As the founder of a wellness travel company, I'm on the road quite a bit and have experienced my fair share of ailments abroad.
In the mid-'90s, I left a potluck dinner party in London with a severe case of strep throat. I went to a local hospital and was promptly treated for free. On the other hand, I came down with a stomach bug in Indonesia and didn't even have access to clean water. It's experiences like these that have made me interested in the ways that countries around the world prioritize health and well-being.
Earlier this year, the UN General Assembly published the results from a 10-year comprehensive study, which determined a country's health by looking at 17 development goals, such as ending poverty in all its forms, promoting sustainable agriculture, and ensuring healthy lives for residents of all ages. Here's a look at what the three healthiest nations are doing differently.
From a publicly funded health care system to multiple sustainability efforts, Iceland tops the list of the world's healthiest countries. The country's sparse population means that its natural resources are relatively untouched and pristine, and 85 percent of its energy comes from renewable sources such as geothermal power stations, which means less reliance on fossil fuel. Not to mention, the 120 hot spring pools around the country, which have historical significance of positively affecting social, mental, and physical health.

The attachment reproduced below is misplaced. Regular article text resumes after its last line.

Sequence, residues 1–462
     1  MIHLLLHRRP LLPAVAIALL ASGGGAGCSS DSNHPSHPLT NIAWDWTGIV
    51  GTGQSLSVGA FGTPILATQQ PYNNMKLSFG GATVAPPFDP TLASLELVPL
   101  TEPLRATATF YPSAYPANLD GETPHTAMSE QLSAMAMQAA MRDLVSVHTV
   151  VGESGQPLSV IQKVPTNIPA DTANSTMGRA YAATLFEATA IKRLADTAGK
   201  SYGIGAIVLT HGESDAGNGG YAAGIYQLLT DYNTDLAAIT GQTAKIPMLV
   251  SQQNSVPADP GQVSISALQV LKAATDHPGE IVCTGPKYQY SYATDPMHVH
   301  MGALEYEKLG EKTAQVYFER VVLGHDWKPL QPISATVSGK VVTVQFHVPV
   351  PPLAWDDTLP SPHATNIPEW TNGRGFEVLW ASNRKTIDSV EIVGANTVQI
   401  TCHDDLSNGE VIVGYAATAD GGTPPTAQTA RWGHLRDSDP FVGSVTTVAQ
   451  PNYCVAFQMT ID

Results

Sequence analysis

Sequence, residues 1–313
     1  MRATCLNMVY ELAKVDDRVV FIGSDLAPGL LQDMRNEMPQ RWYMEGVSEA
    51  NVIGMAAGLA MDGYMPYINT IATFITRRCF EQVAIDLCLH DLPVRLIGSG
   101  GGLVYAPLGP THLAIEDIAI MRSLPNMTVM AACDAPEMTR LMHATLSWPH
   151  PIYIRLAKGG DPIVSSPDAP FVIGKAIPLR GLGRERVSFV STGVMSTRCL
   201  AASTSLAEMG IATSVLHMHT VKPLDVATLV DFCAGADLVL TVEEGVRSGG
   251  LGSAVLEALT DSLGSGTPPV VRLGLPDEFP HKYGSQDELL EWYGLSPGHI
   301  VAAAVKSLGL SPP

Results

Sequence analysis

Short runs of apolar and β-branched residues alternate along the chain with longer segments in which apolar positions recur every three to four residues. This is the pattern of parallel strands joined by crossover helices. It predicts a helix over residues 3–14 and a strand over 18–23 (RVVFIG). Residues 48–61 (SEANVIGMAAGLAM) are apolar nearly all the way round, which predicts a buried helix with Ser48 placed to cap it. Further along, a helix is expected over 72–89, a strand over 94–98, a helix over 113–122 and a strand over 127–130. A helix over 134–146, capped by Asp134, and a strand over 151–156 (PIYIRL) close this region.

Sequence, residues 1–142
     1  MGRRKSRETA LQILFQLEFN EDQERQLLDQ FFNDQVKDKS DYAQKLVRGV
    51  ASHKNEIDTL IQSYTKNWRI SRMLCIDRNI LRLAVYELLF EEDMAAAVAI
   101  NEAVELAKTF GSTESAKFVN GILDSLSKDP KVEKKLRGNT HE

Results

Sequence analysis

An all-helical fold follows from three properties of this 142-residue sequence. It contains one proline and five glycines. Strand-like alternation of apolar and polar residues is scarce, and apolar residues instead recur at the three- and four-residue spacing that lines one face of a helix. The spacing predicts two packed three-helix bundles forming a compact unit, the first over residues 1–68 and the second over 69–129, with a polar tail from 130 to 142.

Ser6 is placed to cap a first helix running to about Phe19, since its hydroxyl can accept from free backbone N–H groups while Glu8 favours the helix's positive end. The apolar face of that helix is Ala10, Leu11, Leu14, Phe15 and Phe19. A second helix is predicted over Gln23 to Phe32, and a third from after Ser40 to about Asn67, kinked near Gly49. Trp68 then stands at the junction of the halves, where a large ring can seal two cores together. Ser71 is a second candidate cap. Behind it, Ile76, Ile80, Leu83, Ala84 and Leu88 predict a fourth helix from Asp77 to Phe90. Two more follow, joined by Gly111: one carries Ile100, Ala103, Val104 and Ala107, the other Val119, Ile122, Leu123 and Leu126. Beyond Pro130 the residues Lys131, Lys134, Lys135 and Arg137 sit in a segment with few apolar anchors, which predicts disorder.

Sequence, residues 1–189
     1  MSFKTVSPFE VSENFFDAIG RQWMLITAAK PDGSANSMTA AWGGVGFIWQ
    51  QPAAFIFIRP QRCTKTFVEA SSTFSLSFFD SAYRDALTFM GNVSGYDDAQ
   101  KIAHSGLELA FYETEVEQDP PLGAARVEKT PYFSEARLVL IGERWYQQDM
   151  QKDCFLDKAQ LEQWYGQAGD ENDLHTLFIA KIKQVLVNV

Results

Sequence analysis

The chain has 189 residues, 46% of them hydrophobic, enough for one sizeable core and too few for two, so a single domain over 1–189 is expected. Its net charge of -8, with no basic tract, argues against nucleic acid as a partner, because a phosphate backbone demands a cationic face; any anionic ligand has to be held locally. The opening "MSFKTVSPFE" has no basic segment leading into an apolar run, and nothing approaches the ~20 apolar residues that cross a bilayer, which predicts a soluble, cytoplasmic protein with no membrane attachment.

Since 2005, Iceland has enforced strict smoking laws such a banning smoking entirely from schools and installing a ban on tobacco advertising. Its residents tend to eat diets that are packed with fresh fish, which have been shown to keep heart disease and inflammation at bay. Add all this together and you have a recipe for healthful, happy living.
The Singaporean government has high health standards and works to ensure basic medical care such as immunizations and health care screenings are accessible to all residents. In 2014, the country launched the Healthier Dining Programme, a government initiative that helps restaurants develop healthier menu options. It has since encouraged the use of healthier ingredients such as brown rice and whole-grain noodles well as anti-inflammatory spices like ginger and turmeric. You don't even have to step outside Singapore's Changi Airport to notice the country's commitment to health. You can experience the country's commitment to wellness without ever having to clear immigration by enjoying the outdoor nature trail, sleeping areas, and reflexology centers right in the terminal.
Stress plays a major role in our overall health, contributing to everything from depression to heart disease. Over in Sweden, there are many initiatives intended to lower the collective stress level. Only 1 percent of the population works long hours, over 50 hours a week, and 92 percent of the population says they have someone to rely on in a time of need (compared to 73 percent of residents in nearby Turkey). With perfect scores for drinking water quality and access, waterborne diseases are something this country doesn't have to worry about. A diet high in fermented dairy products and low in sugar helps residents maintain nutritional health, while a Right of Public Access law written into their constitution gives all Swedish people the right to enjoy outdoor spaces, both public and private.
In case you were wondering how the United States ranked in this study...we came in 28th due to our country's high alcohol consumption, childhood obesity, and death due to violence.